Jasper Johns (1930- )

Johns, Jasper (1930- ), American painter, sculptor, and printmaker, who has played a leading role in the development of mid-20th-century American art. In 1954 he began painting works in a manner radically different from the abstract expressionist style that then dominated American art. His canvases were devoted to such familiar objects as targets, American flags, numbers, and alphabet letters. He painted these subjects with objectivity and precision, applying paint very thickly, so that the paintings became objects in themselves rather than reproductions of recognizable items. This idea of art-as-object became a potent influence on later sculpture as well as painting; he often integrated three-dimensional objects into his paintings.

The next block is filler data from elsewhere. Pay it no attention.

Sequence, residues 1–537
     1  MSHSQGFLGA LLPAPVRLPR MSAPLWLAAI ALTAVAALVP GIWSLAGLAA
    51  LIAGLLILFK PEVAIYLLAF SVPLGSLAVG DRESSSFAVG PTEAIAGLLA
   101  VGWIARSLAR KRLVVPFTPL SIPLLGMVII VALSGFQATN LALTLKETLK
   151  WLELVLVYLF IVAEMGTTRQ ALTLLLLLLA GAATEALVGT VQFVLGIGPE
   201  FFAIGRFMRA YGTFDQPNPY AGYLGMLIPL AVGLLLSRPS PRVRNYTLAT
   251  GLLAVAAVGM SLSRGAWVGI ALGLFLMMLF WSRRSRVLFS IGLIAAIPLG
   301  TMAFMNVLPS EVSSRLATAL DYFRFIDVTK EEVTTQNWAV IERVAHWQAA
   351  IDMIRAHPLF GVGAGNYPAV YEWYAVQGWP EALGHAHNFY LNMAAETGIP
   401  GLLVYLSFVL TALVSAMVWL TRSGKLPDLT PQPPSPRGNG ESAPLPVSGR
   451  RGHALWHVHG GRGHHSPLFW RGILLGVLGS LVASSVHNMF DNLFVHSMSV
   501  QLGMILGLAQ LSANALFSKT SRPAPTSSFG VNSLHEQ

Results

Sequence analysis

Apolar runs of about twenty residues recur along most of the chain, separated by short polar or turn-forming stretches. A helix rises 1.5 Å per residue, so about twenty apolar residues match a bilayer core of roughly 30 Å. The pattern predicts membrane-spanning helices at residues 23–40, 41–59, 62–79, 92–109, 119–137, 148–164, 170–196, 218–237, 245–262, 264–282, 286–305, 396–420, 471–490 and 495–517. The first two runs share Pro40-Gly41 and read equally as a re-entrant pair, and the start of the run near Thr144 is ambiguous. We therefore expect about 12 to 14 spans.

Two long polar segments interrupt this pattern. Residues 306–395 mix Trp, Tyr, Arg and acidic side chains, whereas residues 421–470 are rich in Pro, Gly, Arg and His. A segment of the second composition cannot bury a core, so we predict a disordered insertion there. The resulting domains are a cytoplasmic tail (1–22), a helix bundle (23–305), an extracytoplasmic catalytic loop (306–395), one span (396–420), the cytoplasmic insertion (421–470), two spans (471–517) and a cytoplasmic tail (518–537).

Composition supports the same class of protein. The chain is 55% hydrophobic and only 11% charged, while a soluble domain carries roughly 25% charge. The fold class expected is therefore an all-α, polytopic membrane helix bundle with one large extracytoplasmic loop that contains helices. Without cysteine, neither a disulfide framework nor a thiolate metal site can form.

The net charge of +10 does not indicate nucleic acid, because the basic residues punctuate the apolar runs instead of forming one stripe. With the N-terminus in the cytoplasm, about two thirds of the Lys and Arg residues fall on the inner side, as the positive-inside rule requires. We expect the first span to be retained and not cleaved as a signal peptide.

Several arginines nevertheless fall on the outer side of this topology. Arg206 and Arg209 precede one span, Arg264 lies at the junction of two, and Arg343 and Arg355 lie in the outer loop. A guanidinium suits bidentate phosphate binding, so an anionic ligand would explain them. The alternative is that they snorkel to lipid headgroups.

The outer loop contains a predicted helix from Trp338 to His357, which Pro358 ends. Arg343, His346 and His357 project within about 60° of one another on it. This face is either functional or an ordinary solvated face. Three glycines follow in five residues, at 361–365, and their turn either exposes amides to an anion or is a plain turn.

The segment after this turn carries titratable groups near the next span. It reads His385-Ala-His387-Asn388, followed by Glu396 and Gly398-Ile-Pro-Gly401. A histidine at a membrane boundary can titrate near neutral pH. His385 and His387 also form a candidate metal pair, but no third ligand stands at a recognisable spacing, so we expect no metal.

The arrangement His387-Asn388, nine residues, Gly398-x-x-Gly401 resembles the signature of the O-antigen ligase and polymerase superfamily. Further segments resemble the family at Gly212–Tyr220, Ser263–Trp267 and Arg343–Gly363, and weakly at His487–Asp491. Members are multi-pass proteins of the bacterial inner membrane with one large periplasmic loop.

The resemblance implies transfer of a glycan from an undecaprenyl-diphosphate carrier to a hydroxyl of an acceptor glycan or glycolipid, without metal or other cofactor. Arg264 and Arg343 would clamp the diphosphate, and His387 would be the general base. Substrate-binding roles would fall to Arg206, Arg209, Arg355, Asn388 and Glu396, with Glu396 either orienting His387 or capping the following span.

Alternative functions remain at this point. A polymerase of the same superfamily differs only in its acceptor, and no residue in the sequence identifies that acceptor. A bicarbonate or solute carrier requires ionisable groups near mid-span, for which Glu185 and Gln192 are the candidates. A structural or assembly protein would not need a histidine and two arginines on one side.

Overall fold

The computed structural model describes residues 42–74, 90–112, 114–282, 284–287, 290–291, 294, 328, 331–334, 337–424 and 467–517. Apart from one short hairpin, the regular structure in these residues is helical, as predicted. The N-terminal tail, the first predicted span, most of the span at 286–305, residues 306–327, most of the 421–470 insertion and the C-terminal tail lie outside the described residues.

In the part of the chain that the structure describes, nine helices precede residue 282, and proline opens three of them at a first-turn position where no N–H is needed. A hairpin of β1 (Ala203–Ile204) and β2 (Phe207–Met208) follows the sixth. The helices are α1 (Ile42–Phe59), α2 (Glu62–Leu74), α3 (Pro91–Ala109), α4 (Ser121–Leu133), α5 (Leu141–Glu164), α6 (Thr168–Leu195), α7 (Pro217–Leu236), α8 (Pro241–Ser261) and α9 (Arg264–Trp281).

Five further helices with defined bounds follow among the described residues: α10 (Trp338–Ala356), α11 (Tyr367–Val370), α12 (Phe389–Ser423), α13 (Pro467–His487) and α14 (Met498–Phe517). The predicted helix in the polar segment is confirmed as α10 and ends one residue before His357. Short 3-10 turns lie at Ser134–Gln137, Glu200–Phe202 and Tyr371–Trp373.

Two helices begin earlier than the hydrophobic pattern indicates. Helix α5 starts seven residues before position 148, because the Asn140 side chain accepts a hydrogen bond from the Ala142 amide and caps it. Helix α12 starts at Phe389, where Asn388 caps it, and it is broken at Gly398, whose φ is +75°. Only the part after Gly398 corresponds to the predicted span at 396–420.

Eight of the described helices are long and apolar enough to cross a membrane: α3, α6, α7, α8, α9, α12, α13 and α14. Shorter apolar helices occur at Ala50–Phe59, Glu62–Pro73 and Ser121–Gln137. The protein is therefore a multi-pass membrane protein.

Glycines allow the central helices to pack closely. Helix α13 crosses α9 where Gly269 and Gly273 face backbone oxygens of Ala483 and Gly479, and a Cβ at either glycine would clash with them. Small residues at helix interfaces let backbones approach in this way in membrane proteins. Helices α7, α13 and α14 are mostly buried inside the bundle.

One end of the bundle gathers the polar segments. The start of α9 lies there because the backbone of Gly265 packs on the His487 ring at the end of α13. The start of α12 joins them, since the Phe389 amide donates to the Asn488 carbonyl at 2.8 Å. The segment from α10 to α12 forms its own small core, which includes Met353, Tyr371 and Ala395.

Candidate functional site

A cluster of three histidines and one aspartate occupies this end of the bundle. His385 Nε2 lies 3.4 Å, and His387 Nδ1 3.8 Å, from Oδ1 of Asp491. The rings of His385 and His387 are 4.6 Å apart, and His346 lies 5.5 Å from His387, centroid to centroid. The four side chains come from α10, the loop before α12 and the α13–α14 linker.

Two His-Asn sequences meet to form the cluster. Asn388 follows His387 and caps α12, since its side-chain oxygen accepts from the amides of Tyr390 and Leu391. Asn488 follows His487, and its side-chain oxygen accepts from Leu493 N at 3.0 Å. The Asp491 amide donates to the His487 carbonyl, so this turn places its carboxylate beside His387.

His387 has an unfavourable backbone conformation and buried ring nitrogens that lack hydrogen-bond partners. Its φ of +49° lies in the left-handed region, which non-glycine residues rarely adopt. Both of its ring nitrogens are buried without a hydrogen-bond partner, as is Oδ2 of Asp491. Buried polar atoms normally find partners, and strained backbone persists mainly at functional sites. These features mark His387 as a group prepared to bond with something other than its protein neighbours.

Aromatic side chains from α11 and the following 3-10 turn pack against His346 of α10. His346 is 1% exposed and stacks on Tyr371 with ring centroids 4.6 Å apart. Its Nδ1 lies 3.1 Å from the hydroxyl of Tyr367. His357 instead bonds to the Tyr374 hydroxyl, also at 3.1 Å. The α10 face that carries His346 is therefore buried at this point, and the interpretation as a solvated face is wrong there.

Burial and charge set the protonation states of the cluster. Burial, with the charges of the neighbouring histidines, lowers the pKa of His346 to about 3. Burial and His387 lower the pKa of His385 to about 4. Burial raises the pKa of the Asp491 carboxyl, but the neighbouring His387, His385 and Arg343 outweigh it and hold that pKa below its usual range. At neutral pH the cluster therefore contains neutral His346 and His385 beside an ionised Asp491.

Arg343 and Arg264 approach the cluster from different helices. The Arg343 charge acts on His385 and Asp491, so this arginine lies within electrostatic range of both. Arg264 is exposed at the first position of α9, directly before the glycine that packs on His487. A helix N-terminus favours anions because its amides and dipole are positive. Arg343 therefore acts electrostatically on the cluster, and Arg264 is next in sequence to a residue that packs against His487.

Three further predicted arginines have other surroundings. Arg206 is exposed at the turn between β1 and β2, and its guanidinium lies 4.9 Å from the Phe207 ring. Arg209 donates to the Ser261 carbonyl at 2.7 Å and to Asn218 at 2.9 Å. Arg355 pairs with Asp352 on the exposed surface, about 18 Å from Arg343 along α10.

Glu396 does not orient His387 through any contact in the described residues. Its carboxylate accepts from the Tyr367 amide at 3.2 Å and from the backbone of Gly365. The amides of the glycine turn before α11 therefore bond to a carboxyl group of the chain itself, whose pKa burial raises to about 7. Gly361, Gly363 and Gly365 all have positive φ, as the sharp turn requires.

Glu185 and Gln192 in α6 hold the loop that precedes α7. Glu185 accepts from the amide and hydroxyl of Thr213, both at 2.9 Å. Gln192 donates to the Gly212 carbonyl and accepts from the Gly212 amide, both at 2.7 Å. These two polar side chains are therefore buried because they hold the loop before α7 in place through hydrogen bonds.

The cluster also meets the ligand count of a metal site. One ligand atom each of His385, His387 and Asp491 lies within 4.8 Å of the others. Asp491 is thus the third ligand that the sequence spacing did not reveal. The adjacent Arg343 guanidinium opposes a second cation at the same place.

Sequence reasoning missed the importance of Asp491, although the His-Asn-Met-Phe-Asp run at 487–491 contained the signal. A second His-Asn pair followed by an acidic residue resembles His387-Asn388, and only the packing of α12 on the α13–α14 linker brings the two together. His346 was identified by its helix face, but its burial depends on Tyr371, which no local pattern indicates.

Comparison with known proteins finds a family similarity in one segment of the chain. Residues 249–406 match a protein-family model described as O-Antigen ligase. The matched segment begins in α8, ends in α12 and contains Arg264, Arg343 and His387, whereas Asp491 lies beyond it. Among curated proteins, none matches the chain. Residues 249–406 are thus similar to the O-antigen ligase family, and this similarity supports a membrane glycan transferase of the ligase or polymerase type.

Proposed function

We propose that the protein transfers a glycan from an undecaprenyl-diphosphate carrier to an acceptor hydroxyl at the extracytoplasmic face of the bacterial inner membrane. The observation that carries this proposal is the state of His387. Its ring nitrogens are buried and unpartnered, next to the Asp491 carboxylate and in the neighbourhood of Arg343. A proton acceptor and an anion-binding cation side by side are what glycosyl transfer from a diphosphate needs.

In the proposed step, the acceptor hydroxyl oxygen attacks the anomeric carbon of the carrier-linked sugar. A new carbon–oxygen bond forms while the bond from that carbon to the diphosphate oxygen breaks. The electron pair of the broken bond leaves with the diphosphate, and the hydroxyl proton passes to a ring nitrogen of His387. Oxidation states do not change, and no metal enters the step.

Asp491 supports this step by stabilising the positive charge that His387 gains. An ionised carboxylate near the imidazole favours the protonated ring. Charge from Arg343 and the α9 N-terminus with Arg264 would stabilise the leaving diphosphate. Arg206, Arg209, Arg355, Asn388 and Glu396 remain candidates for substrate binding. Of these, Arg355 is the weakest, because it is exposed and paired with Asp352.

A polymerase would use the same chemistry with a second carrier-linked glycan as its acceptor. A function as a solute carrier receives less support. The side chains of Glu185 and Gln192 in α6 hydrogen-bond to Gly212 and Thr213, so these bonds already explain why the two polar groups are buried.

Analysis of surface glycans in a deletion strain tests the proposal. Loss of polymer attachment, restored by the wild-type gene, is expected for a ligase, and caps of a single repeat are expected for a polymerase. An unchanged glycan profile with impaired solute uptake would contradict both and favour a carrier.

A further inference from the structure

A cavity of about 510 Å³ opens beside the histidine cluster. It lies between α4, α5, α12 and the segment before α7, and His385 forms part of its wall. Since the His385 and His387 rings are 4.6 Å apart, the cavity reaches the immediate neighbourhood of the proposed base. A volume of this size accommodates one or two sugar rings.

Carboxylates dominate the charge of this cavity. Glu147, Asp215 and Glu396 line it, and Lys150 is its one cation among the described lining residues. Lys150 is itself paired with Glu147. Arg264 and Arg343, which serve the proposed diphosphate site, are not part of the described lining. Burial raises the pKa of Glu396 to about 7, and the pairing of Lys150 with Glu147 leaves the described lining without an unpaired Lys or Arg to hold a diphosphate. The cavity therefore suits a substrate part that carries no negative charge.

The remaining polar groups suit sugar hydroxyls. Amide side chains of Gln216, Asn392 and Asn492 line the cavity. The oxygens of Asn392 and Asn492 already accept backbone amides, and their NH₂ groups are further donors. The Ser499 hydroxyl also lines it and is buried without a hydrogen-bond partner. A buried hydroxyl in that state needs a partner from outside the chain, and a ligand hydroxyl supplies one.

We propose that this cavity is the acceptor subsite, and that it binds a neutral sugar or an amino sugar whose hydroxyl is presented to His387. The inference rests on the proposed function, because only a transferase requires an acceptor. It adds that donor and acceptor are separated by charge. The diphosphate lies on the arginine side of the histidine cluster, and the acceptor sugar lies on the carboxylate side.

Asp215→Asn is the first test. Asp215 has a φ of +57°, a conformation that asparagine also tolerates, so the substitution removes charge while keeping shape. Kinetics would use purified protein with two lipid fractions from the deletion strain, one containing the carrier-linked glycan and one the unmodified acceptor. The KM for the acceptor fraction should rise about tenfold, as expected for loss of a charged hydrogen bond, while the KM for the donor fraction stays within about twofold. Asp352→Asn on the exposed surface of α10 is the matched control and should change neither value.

By the end of the 1950s Johns's paintings showed a freer, looser arrangement. In some of them, he attached real objects—such as rulers and compasses—to the canvas. False Start (1959, Scull Collection, New York City)—in which he stenciled intentionally incorrect labels over painted objects and patches of color—is a playful, punning work that was an immediate forerunner of pop art. Johns broke ground again with a four-painting cycle entitled “The Seasons,” shown in New York City in early 1987. The 75 by 50-inch paintings were considered especially significant in American art history.

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